Firms under fire over safety rules

SHARJAH — The series of fire accidents that occurred over the past 10 days has once again raised serious concerns over fire safety violations in the emirate’s commercial establishments.


Afkar Ali Ahmed

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Published: Sun 15 Apr 2007, 8:49 AM

Last updated: Sun 5 Apr 2015, 1:41 AM

A fire recently broke out in a labour camp in the industrial area gutting 34 warehouses and portakabins.

In another fire accident, the World Line Furniture company and its neighbouring bakery company, Mister Baker, lost property worth Dh20 million in total.

According to statistics released by the authorities, around 10 fire accidents have been reported since the beginning of this year.

Negligence on part of the company owners as far as fire safety is concerned is the primary cause of these mishaps, said officials.

Colonel Gharib Shabban, Director-General of the Sharjah Civil Defence, has urged the authorities to refer companies that flout safety rules to court as these pose danger to neighbouring companies as well.

“These owners who never show up at the site when a fire breaks out on their premises lack a sense of responsibility,” he said.

Colonel Shaban further said fire safety equipment, including fire alarms, hose pipes and extinguishers, in most of the warehouses are usually found to be not working. Moreover, there’s never an adequate number of security personnel on the premises.

Brigadier Salih Al Mutawa, Director-General of the Sharjah Police, said, “Companies should not be given licences to construct labour camps near their workplaces or near the warehouses.”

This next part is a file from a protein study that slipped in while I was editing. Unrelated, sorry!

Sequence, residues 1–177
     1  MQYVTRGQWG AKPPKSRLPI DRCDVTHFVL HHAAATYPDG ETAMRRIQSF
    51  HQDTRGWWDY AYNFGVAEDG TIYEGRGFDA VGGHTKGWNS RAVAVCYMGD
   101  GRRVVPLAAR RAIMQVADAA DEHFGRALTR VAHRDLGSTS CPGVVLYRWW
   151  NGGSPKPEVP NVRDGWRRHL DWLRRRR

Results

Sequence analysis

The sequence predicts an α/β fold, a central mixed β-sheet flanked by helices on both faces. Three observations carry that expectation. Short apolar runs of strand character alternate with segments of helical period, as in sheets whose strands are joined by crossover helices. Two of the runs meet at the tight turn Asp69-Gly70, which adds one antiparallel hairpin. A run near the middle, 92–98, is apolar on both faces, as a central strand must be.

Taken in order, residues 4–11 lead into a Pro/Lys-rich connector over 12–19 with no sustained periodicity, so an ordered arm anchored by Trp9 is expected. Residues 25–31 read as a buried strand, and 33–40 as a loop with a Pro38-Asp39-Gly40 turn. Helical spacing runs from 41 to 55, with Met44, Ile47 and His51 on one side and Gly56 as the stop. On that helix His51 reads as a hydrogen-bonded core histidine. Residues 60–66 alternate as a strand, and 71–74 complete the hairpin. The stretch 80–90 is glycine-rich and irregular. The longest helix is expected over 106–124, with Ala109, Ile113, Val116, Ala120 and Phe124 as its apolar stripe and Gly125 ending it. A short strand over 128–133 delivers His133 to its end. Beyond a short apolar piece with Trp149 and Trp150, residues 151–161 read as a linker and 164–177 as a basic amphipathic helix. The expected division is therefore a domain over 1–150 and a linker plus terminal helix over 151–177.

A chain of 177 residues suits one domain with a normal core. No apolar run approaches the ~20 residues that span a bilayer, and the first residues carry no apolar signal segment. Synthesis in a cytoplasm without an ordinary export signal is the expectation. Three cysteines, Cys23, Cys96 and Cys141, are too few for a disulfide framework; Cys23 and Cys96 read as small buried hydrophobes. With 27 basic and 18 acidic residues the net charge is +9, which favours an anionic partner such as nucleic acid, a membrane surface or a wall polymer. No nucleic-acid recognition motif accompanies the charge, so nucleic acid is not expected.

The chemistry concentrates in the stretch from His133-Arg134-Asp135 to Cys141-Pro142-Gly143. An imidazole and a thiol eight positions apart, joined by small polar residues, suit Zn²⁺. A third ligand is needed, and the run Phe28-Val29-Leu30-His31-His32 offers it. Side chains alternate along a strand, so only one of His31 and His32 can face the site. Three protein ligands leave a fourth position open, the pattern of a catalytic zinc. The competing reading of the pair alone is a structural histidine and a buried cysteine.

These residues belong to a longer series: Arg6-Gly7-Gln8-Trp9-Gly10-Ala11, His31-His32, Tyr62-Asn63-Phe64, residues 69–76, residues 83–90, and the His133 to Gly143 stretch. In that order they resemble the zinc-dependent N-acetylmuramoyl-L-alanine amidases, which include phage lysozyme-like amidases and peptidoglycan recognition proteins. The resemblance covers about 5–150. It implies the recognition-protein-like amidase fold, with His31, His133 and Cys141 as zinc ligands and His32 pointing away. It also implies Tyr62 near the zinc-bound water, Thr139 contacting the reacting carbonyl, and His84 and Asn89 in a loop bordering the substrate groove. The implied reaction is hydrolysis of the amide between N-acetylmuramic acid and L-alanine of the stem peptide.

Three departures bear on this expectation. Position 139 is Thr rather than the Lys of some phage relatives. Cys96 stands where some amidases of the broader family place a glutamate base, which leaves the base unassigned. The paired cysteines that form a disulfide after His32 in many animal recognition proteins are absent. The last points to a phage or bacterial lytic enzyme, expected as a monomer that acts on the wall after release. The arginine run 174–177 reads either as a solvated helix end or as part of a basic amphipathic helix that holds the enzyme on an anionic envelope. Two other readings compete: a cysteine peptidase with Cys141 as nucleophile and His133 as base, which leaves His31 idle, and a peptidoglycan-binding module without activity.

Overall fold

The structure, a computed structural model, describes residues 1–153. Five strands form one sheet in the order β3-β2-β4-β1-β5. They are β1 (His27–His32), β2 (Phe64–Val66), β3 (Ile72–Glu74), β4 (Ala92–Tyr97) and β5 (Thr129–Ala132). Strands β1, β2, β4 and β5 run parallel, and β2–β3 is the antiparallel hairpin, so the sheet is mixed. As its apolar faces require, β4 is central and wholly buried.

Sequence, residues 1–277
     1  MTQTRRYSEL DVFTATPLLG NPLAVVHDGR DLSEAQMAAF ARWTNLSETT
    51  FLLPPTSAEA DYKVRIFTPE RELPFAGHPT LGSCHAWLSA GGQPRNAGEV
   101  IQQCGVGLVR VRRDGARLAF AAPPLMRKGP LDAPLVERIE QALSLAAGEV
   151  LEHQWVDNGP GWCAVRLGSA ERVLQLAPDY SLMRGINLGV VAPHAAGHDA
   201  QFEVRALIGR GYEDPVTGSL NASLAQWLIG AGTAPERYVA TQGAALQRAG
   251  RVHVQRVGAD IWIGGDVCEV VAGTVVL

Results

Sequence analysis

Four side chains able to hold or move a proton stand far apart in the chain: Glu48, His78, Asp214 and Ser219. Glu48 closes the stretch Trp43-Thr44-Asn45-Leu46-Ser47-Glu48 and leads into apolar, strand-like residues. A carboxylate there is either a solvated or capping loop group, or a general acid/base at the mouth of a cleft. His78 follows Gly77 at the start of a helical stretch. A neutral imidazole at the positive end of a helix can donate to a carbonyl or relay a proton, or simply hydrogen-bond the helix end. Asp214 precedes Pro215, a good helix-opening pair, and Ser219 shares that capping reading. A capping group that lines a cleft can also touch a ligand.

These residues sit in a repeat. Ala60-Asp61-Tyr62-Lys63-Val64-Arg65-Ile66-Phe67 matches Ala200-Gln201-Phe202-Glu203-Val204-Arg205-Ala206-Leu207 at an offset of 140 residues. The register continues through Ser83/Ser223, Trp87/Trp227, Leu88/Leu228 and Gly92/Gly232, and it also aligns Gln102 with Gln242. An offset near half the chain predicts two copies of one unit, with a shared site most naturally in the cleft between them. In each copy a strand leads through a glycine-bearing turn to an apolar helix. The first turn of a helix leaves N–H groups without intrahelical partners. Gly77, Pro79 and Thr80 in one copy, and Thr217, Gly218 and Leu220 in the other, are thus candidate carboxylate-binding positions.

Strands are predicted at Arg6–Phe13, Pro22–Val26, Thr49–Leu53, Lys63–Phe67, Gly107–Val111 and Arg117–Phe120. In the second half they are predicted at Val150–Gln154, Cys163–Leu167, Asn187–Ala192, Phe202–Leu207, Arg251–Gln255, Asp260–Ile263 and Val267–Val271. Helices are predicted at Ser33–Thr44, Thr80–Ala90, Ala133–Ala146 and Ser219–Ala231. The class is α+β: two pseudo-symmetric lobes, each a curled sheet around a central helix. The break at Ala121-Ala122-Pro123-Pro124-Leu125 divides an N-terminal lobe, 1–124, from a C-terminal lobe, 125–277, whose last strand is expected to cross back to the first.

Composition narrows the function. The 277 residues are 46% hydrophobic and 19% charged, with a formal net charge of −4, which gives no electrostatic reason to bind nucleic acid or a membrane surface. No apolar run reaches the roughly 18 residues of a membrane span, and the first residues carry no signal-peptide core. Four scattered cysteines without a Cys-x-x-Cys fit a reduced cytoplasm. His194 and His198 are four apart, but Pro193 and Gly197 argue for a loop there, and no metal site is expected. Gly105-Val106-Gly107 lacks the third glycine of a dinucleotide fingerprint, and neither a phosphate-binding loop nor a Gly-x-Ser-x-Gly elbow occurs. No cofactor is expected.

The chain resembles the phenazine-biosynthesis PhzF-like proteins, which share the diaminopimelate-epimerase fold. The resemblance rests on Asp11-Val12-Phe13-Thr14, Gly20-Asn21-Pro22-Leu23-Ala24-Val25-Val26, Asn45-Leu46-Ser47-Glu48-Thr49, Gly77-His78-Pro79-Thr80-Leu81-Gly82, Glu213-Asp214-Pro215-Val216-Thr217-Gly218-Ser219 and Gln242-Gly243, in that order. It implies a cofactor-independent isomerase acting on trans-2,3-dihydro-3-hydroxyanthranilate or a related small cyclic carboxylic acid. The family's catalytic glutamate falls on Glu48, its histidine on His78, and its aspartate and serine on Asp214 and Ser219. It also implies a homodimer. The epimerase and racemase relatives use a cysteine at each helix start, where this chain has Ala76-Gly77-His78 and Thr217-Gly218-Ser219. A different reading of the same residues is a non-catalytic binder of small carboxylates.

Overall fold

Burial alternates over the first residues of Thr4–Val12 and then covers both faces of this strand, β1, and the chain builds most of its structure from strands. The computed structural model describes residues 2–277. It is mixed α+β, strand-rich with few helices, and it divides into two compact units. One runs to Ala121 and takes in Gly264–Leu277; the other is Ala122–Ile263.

He added that the Sharjah Police are currently investigating the cases to prepare a report about violations and safety lapses in industrial areas and to issue fresh guidelines to minimise the risk.

A top official at the Sharjah Forensic Laboratory said forensic reports proved that most of the fire accidents that occurred last year were caused by lighters, cigarette butts, electric wires or chemical substances.

Expressing concern, the official alleged that often a fire is deliberately started by people to claim insurance amounts, get rid of unsold goods or to destroy evidence of such crimes as murder or theft. Therefore, several such accidents are registered as criminal cases.

“People behind these fire accidents remain unknown and insurance companies are bearing the brunt of it with claims running into millions of dirhams,” the official said, adding that the losses incurred from these fire accidents are estimated to be Dh55 million, according to the recent statistics provided by insurance companies and civil defence departments.

A member of a recently formed committee to fight fire accidents said, “Rules and regulations regarding safety should be reviewed regularly to minimise such accidents.”

He added that the committee during its inspection campaigns issued warnings to more than 582 companies found flouting safety rules. “But nothing has changed.”

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